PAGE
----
Hermiston, Ore. — Hermiston watermelons, savored by Northwesterners for their distinctive sweetness, are back in season.
Growers began harvesting last week, and Finley’s Fresh Produce of Hermiston was the first to arrive with melons in tow at the Pendleton, Ore., Farmers’ Market.
“I tried them yesterday. They’re so sweet and good,” said Naomi Sanchez, who owns Finley’s Fresh Produce with her husband, Ildefonso Zuniga. “We plan on selling out.”
While early season watermelons might be a little smaller than average, Sanchez said the quality remains consistent. She credits Zuniga for knowing when they’re ripe for the picking.
“I don’t know how, but he always picks them when they’re perfect,” she said.
Hermiston watermelons have earned their reputation thanks to the Columbia Basin’s unique combination of climate and soil. Watermelons are desert plants, which take in heat during the day to produce sugar as a source of energy.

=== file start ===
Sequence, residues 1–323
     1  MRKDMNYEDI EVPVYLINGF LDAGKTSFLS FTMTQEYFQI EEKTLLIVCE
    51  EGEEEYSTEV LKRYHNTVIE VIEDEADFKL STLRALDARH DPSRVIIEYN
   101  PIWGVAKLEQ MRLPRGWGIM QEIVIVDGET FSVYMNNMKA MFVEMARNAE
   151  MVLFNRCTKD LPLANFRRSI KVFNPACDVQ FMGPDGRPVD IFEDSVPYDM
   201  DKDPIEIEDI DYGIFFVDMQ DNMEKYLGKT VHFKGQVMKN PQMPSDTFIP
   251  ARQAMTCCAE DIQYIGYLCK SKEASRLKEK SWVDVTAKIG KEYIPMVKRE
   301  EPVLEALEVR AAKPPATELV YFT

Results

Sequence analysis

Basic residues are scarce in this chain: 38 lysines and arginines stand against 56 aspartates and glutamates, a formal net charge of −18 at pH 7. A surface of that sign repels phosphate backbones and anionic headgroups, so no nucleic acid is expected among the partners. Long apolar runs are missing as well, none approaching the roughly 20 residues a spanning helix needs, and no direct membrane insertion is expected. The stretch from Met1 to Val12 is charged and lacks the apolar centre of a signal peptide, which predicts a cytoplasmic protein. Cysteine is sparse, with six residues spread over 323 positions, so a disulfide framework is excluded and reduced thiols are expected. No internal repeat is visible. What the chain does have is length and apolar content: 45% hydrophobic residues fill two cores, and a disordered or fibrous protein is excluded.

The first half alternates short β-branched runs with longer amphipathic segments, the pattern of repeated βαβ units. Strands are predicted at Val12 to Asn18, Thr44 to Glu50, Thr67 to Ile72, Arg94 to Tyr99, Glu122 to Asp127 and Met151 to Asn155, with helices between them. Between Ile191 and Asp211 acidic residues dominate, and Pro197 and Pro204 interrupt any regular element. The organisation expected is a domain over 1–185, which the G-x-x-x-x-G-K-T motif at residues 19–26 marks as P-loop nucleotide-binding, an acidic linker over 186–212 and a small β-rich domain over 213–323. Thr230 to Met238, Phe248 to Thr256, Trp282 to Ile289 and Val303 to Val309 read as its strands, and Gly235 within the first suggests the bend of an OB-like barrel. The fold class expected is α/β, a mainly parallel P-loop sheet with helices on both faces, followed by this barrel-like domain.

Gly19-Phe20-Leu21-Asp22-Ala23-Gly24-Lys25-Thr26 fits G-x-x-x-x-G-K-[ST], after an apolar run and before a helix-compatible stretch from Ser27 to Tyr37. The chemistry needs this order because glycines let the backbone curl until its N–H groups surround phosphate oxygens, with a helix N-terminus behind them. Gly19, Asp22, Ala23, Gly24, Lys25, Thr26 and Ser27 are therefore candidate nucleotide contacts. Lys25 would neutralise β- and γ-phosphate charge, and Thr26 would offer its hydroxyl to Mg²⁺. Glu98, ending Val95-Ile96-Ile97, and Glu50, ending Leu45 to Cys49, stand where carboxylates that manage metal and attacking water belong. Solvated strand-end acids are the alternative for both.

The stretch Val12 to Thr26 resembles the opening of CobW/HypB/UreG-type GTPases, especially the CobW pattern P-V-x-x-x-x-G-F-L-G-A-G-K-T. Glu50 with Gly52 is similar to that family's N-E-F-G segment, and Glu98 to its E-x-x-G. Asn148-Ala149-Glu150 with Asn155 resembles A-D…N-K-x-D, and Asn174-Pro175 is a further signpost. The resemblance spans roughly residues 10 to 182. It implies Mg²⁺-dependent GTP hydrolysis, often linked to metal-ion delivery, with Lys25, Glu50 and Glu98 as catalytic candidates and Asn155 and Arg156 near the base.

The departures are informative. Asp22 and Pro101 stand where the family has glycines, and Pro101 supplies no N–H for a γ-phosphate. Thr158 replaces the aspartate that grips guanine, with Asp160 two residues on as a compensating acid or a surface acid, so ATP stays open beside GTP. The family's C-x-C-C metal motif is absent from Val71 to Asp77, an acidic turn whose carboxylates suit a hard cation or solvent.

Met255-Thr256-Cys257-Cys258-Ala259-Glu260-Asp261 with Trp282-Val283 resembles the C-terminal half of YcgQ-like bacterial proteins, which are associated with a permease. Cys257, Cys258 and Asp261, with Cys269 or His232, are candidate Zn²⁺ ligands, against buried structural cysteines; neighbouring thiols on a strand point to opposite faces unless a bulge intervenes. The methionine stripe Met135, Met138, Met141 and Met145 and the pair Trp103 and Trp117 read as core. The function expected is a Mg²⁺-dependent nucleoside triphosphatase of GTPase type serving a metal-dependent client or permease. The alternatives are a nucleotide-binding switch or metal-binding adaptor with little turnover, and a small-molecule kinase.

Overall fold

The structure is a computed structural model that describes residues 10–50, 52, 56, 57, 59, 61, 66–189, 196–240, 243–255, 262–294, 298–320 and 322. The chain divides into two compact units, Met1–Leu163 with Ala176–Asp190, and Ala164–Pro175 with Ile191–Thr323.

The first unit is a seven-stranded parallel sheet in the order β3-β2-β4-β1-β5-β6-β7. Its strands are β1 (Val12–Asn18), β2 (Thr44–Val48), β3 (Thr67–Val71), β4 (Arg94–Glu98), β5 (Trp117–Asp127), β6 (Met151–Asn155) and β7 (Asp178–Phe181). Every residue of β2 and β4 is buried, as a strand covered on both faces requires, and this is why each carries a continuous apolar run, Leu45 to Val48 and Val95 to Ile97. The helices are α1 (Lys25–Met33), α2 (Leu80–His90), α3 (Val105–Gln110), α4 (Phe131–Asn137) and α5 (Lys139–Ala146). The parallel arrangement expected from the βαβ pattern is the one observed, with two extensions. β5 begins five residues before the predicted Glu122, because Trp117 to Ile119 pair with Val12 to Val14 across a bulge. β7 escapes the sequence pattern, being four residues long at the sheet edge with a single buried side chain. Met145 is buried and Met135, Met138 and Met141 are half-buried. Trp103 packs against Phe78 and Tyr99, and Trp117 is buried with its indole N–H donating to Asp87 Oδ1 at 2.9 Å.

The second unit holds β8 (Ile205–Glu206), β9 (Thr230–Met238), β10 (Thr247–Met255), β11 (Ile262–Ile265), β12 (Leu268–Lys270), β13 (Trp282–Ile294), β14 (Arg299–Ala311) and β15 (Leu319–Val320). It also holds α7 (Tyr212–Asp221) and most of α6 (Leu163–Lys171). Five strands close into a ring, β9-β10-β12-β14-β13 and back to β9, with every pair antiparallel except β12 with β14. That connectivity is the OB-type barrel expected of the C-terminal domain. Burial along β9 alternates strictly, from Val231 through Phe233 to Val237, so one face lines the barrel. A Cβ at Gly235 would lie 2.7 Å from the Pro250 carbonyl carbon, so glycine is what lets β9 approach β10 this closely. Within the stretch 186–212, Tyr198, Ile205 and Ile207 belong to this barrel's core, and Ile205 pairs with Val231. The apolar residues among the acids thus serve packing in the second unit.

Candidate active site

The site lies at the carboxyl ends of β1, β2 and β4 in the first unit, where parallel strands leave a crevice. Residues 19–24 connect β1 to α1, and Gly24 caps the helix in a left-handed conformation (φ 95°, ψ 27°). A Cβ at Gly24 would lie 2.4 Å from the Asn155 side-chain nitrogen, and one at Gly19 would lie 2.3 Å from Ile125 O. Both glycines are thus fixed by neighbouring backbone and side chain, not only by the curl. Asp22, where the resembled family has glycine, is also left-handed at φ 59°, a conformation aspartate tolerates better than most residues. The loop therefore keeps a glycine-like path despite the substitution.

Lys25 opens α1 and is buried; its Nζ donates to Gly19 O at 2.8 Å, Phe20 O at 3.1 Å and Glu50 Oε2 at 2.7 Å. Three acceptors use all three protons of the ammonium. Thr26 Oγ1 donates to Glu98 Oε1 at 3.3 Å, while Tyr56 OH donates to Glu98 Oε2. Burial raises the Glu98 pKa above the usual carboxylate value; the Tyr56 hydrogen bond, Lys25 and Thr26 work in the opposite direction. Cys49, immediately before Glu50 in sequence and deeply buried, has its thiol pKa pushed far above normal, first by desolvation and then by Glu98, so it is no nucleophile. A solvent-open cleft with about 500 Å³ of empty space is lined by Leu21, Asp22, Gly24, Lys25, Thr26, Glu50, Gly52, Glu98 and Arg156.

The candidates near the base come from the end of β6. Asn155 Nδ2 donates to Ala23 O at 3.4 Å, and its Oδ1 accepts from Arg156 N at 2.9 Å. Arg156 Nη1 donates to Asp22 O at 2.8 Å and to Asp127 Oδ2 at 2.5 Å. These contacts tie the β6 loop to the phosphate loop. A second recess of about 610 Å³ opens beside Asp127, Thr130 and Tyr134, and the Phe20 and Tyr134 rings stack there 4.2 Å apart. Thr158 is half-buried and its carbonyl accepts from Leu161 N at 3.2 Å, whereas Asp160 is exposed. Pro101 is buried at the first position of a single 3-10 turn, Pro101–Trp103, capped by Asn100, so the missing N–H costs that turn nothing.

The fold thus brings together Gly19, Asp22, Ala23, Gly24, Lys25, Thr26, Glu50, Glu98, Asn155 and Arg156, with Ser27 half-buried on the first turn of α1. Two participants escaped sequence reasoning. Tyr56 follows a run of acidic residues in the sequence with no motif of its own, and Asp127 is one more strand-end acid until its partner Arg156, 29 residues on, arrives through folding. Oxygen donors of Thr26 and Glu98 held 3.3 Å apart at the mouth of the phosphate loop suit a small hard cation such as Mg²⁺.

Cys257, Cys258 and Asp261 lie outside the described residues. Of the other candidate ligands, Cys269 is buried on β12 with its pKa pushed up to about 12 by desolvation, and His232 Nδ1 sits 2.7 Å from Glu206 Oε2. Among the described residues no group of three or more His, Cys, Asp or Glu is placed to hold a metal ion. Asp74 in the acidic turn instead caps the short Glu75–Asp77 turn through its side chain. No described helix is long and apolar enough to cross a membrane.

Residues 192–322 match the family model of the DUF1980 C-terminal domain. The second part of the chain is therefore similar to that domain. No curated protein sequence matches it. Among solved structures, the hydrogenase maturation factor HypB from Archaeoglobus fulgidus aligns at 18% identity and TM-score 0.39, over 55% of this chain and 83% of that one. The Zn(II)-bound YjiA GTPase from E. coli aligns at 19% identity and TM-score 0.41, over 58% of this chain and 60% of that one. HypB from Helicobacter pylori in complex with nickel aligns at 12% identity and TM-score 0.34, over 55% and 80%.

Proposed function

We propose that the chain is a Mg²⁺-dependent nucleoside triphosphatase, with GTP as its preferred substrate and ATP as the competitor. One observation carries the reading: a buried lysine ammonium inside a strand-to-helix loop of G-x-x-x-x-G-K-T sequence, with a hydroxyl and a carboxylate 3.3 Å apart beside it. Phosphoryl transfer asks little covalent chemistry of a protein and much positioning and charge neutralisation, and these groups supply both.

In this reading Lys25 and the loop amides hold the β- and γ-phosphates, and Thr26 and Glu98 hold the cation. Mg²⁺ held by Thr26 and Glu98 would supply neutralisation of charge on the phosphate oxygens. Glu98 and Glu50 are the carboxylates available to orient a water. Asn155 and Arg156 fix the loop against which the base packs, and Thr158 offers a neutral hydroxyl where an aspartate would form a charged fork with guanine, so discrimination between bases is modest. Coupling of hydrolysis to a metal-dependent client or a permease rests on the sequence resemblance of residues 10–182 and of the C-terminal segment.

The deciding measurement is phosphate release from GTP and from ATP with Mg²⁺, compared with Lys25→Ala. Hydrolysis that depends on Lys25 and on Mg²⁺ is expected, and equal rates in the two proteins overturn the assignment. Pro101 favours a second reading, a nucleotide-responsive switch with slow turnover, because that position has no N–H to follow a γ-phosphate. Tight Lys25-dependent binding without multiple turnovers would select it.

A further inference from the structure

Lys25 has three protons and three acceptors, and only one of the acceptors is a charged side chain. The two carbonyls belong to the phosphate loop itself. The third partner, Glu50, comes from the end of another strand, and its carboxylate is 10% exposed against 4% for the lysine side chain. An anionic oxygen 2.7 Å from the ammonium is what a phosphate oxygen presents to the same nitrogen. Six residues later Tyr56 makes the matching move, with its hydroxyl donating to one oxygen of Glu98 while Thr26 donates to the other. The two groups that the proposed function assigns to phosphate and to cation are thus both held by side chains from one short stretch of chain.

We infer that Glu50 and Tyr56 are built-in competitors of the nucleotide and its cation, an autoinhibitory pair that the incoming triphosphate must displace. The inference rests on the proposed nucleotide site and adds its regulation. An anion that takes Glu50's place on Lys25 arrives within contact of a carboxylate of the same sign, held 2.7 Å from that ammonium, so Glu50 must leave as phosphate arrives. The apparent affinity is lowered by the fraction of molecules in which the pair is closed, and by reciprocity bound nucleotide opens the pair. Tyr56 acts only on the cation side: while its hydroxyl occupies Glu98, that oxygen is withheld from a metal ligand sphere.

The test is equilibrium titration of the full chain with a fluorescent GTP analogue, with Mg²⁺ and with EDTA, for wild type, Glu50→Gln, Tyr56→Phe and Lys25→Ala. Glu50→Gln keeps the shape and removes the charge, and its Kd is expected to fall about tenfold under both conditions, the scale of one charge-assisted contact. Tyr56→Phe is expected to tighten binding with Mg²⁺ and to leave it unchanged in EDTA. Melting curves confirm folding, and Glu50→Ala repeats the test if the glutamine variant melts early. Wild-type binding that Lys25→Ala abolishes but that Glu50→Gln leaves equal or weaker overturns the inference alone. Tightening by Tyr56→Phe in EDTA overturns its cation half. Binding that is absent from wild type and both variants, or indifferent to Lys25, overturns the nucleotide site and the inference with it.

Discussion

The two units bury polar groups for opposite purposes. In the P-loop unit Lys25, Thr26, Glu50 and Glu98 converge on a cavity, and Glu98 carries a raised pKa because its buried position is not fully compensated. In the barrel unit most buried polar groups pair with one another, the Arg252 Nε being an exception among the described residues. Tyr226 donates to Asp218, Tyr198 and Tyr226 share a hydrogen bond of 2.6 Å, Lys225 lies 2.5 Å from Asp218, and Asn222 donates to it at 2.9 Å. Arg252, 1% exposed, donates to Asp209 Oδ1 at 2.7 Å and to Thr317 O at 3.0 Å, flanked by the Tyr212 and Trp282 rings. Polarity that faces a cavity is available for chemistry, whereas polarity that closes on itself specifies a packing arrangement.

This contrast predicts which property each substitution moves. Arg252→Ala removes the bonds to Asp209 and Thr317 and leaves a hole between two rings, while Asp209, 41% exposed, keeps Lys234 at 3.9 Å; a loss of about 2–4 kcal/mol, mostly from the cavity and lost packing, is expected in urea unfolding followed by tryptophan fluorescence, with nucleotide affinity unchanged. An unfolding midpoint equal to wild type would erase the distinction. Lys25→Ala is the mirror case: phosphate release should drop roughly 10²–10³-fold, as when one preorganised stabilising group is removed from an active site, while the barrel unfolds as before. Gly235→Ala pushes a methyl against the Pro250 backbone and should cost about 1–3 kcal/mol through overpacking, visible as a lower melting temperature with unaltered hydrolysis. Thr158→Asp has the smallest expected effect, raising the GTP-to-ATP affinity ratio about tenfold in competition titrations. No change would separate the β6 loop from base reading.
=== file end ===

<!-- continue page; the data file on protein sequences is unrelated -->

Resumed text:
Not only are the days hot enough for melons around Hermiston, but cooler nights slow down the respiration process, which allows the plants to retain all that sugar. Light, sandy soils also allow water to filter down deep to plant’s roots. The result is a sweet and juicy summertime treat.
“What isn’t good about watermelon?” Sanchez said, with a smile. “They’re so good.”
Jack Bellinger, of Bellinger Farms in Hermiston, said they started cutting melons off the vine last week. He said they’ll start shipping to stores across the Northwest this week, including the Portland and Seattle metro areas.
The growing season this year has been hit-and-miss, Bellinger said, with some weeks topping out around 65 degrees and others reaching triple digits. That type of variation can interrupt watermelons while they’re growing, but he anticipates the crop will fare well over the next couple months.
“The quality looks really good,” Bellinger said. “We’re cutting really solid watermelons right now.”